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Table 1. Composition Matrix for the Calculated Equilibrium Speciation of Cu(II): Cu(II) Species and Their Corresponding Components, Stoichiometric Coefficients, and Equilibrium Formation Constants equilib. constanta

components species

Cu +

Cu(L-alanine) Cu(L-alanine)20 Cu(HPO4)0 Cu(H2PO4)+ CuCl+ Cu(Cl)20 Cu(Cl)3− Cu(Cl)42− Cu(OH)+ Cu(OH)20 Cu(OH)3− Cu(OH)42− Cu2(OH)3+ Cu2(OH)22+ Cu3(OH)42+ Cu(CO3)0 Cu(CO3)22− Cu(HCO3)−


1 1 1 1 1 1 1 1 1 1 1 1 2 2 3 1 1 1









1 2 1 2

1 1 1 2 3 4

−1 −2 −3 −4 −1 −2 −4 1 2 1




8.11 14.90 14.79 18.49 −0.14 −0.93 −2.95 −5.03 −7.68 −16.43 −26.81 −39.57 −5.38 −10.76 −21.42 5.88 9.32 11.25

0.1 0.1 0.1 3.0 →0 →0 →0 →0 0.1 →0 1.0 1.0 3.0 0.1 0.1 →0 →0 →0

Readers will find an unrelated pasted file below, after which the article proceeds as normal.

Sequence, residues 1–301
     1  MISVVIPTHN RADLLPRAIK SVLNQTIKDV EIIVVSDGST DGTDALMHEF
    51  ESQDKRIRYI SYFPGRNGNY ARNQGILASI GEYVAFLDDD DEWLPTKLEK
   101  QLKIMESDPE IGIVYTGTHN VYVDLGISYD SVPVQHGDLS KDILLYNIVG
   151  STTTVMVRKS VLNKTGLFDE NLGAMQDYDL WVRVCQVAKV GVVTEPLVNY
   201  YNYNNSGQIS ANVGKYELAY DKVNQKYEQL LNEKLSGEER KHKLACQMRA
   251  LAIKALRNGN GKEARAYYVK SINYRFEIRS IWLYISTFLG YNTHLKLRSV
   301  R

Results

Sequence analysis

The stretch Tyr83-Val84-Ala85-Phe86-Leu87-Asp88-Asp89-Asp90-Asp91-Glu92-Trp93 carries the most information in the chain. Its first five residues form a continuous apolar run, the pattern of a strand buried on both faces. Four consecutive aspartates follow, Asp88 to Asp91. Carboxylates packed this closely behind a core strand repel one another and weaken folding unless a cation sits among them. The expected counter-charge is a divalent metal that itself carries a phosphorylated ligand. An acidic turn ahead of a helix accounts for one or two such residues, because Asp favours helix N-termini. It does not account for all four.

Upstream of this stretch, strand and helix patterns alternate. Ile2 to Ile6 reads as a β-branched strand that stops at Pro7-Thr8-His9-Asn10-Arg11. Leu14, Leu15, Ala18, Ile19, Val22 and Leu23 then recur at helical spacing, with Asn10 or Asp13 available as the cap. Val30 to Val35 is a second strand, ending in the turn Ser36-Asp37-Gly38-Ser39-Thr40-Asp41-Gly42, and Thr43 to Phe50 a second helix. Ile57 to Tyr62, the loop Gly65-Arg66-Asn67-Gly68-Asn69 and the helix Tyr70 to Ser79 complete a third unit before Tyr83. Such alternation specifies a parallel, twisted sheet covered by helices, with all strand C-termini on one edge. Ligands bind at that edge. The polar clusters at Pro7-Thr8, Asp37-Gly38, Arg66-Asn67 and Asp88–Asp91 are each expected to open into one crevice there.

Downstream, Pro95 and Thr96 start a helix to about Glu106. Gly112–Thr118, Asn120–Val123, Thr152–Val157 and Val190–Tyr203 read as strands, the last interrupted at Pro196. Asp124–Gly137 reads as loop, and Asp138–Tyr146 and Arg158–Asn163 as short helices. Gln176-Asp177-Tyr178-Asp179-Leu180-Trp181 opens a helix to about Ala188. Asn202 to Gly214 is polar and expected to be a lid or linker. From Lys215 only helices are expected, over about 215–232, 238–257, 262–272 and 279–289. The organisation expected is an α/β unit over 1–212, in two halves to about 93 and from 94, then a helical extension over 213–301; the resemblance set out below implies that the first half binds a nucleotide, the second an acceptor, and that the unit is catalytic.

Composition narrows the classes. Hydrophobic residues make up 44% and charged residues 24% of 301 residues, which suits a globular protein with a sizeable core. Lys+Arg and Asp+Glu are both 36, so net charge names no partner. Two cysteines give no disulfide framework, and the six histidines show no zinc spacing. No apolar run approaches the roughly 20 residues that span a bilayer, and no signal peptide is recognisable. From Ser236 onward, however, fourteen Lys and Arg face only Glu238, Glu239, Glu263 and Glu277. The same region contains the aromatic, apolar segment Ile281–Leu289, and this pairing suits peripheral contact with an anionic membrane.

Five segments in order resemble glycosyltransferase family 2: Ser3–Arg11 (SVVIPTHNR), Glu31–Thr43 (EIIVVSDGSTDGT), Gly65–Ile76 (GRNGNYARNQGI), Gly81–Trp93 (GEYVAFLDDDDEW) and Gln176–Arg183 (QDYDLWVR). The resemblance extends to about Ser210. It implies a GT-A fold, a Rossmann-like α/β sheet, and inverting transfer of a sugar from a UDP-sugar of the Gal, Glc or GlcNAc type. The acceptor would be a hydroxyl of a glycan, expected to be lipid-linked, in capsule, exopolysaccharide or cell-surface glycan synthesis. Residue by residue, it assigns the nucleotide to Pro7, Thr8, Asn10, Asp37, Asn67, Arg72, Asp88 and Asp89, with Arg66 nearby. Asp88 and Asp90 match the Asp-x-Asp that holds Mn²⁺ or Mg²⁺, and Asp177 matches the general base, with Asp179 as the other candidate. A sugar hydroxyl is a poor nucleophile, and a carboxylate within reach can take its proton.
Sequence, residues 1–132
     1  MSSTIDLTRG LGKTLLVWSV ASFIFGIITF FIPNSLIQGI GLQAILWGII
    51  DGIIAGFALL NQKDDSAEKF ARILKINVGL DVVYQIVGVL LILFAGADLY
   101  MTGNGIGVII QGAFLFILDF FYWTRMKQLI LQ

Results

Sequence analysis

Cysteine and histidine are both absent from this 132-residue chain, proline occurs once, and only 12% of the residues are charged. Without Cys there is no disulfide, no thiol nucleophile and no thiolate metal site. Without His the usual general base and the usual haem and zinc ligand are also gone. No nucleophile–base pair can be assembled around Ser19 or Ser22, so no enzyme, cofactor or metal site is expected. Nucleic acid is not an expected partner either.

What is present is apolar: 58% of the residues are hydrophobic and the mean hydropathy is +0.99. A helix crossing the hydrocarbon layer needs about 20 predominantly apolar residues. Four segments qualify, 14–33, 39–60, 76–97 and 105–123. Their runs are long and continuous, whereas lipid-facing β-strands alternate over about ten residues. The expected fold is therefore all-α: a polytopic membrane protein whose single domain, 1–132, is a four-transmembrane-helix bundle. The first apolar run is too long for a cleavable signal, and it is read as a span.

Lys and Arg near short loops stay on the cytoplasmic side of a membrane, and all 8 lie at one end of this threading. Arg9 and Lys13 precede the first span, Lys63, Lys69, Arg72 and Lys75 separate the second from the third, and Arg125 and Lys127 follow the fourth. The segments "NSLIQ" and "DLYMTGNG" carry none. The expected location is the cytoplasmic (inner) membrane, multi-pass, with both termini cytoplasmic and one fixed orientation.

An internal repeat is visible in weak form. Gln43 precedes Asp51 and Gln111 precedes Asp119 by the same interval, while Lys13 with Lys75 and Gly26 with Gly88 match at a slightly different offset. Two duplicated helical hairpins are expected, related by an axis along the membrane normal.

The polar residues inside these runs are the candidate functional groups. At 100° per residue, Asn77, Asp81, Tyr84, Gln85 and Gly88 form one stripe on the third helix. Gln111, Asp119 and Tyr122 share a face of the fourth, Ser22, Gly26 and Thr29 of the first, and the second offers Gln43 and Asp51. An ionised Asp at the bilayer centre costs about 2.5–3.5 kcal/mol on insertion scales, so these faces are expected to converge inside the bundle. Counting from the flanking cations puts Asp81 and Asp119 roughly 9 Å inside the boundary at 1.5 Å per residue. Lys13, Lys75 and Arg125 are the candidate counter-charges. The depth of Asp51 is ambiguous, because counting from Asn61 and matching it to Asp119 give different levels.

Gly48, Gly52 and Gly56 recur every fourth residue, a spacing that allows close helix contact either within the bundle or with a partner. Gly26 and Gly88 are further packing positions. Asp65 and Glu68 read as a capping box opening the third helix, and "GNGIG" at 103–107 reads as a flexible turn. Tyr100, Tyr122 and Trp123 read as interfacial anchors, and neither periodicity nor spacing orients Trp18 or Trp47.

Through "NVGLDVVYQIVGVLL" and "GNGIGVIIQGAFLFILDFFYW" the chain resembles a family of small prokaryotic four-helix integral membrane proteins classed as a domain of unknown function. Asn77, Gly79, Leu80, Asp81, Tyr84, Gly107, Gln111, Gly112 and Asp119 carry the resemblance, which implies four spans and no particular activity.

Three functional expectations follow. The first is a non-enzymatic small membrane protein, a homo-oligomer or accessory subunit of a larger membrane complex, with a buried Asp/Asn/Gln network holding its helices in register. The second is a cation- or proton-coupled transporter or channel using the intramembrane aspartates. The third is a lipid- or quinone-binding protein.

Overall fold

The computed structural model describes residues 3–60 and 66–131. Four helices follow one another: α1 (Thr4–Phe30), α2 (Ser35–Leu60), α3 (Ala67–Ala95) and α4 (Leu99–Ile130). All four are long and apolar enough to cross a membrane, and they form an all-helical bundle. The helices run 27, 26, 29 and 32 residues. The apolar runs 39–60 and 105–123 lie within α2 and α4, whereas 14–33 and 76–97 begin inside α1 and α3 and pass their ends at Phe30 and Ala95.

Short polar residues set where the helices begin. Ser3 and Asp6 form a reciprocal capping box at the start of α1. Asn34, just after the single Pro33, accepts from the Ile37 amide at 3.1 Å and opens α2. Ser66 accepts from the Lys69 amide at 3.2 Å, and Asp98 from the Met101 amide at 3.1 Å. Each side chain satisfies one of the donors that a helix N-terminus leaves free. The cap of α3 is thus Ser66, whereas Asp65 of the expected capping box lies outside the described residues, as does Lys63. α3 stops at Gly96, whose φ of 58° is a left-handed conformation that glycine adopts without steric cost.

All equilibrium constants reported here are for 25 °C, 1.0 atm, and ionic strength I = 0.10 M. In certain cases, equilibrium constants have been converted from a value for another ionic strength to a value for ionic strength = 0.10 M (as listed in this table), using the Davies equation. Equilibrium formation constants (β) and pKa values are from critical reviews.49,50 [species] = β[component 1]i [component 2]j [component 3]k ..., where [ ] signifies molar concentration of the species/component; i, j, k,... are stoichiometric coefficients for the corresponding component (given in the matrix above); and β is the equilibrium formation constant of the species. Blank entries in the table are zero. The pKa values of the species (25 °C, 1.0 atm, I = 0.10 M; original source, and as used here) are alanine (2.33, 9.71), H2CO3* (6.13, 9.88), where H2CO3* ≡ H2CO3(aq) + CO2(aq), and H3PO4 (1.92, 6.71, 11.65). For Kw = [H+][OH−], log10(Kw) = −13.78. bIonic strength (molar) of the original source of the thermodynamic data. a